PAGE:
Canada’s highest court has ruled that employers can’t institute random alcohol testing just because they feel like it.
Irving Pulp and Paper started testing its employees in Saint John, N.B., in 2006, saying that eight cases where staff was found to be under the influence over a 15-year period justified the random breathalyzer tests.
The Communications, Energy and Paperworkers Union of Canada filed a grievance, and various courts ruled for and against over the years, culminating in the Supreme Court decision. In the interests of full disclosure, I’m a member of the same union as the Irving plant workers, although I’ve never met any of the people involved.
In a split decision, the Supreme Court justices ruled that there was no “demonstrated problem with alcohol use” in the Irving workplace. The value of Irving’s random breathalyzer testing is clear from the company’s results: not one positive test in the 22 months the employees were required to blow into the equipment.
The court didn’t rule out testing when there are reasonable grounds to believe someone has been drinking or when an employee has been involved in an accident. The court also left the door open for alcohol and drug testing for employees who have received treatment for substance abuse.
The Supreme Court struck a much-needed balance with their decision. The judgment noted that the safety gains Irving could expect from testing were “uncertain to minimal, while the impact on employee privacy was severe.”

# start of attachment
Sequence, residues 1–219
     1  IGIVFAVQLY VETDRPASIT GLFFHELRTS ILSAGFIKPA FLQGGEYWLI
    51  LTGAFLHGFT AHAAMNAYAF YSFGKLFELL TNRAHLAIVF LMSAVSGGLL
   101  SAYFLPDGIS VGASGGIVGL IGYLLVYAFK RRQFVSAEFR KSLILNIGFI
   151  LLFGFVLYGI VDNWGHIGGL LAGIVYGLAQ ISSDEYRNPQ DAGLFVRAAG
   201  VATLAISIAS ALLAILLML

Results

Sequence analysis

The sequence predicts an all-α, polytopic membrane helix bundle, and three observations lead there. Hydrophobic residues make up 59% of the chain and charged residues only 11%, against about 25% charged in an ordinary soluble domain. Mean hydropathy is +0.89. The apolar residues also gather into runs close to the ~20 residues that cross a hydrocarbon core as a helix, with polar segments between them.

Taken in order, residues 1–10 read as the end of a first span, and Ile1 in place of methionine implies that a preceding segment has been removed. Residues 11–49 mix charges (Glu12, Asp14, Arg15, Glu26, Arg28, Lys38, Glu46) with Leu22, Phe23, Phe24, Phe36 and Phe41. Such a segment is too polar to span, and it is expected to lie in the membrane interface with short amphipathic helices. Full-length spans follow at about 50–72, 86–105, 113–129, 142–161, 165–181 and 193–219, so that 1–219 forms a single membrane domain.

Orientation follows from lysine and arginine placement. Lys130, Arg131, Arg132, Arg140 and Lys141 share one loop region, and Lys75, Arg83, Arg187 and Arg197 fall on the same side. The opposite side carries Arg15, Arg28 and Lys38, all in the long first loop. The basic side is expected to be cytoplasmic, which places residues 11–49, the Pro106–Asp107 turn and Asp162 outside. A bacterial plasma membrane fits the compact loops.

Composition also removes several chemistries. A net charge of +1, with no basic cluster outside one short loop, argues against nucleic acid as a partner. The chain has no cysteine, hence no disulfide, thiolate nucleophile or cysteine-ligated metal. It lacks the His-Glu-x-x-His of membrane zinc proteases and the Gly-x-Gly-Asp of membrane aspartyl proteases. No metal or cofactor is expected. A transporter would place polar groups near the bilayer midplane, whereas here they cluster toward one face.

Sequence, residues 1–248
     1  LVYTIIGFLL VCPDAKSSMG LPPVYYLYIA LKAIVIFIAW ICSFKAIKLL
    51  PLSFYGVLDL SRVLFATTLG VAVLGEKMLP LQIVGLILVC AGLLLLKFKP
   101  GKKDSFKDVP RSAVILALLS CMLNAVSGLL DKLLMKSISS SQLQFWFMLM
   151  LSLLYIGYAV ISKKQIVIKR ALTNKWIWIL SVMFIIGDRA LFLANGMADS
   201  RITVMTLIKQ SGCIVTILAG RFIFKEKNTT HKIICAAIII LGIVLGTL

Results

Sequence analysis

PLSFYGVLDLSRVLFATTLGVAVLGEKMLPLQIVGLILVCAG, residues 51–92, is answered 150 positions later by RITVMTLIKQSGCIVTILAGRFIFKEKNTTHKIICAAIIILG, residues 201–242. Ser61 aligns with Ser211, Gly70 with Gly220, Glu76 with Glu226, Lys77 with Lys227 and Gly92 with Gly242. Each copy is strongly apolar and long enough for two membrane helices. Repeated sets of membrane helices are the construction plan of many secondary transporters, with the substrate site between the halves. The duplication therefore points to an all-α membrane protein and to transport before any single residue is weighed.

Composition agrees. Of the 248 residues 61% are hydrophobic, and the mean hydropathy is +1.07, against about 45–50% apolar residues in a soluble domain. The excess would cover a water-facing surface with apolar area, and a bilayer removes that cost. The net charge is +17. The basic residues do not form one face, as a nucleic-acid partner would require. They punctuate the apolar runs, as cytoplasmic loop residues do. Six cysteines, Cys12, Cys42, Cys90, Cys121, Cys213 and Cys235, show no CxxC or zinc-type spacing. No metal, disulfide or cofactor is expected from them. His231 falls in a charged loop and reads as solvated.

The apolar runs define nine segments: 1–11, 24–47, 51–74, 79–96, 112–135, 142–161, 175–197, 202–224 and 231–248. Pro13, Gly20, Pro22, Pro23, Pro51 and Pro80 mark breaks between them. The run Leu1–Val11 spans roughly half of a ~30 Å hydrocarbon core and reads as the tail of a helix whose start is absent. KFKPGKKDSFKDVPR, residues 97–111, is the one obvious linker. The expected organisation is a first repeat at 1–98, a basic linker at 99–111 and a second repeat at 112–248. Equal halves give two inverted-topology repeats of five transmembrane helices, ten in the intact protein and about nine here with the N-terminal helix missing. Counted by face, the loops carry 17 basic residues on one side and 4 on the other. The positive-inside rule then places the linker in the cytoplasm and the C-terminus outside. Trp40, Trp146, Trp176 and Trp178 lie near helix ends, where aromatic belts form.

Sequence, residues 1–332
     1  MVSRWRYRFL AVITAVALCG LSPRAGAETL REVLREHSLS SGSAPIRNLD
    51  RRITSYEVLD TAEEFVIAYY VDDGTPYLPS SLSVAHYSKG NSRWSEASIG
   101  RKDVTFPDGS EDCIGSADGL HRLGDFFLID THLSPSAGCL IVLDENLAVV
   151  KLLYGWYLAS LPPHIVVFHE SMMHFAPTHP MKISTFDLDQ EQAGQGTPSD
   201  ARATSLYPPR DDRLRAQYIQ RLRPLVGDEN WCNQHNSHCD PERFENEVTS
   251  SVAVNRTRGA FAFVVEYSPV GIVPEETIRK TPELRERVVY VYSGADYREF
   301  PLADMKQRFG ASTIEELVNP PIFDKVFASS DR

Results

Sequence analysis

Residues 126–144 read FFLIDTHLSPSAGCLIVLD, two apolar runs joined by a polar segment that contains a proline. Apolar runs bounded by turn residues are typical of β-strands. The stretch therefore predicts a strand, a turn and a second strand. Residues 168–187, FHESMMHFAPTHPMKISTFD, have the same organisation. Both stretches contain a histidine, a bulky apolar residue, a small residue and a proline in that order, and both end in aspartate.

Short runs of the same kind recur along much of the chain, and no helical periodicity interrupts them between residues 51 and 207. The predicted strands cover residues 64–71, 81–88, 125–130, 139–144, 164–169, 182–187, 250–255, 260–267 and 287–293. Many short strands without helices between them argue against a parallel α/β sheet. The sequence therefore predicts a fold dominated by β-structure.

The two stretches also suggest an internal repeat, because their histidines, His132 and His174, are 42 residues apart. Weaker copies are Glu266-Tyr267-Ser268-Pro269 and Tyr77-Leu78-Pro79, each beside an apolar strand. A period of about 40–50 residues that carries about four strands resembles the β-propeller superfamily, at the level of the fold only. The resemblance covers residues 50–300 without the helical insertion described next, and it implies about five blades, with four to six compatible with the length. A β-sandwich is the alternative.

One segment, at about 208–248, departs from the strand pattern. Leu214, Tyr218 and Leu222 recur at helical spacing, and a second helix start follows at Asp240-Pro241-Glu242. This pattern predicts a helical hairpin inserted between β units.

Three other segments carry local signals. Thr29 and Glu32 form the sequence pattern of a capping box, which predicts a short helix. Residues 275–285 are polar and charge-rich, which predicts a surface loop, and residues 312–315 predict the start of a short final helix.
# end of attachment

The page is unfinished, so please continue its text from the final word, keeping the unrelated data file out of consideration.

The court did not say drug and alcohol testing is never warranted, it simply requires employers to be reasonable.
All workplaces have some degree of risk. Even in a basic office there are stairs you could fall down, a pot of scalding coffee or – watch out! – a pen that could put your eye out. If on-the-spot testing was allowed to go ahead whenever an employer felt like it, any feeling of trust between management and employees would quickly evaporate. The effect of that kind of mistrust would damage the company and the workers.
Human beings are fallible and always have been. To monitor people in very personal ways when there is no apparent problem that needs solving is demoralizing and demeaning for the workers.
When the cure is worse than the disease, it’s a natural reaction to fight back. When there’s no disease at all, you have to give your head a shake. And our Supreme Court says there was no disease at the Irving plant.
In fact, if the Irving workplace is intrinsically unsafe, the company should invest in more safeguards for its employees.
One might ask if the company managers who approved seven years of legal fighting should get tested for strange substances; how else can you explain all the money that went into lawyers’ pockets instead of plant improvements?
Readers, what do you think of mandatory drug testing in the workplace? Let us know in the comments.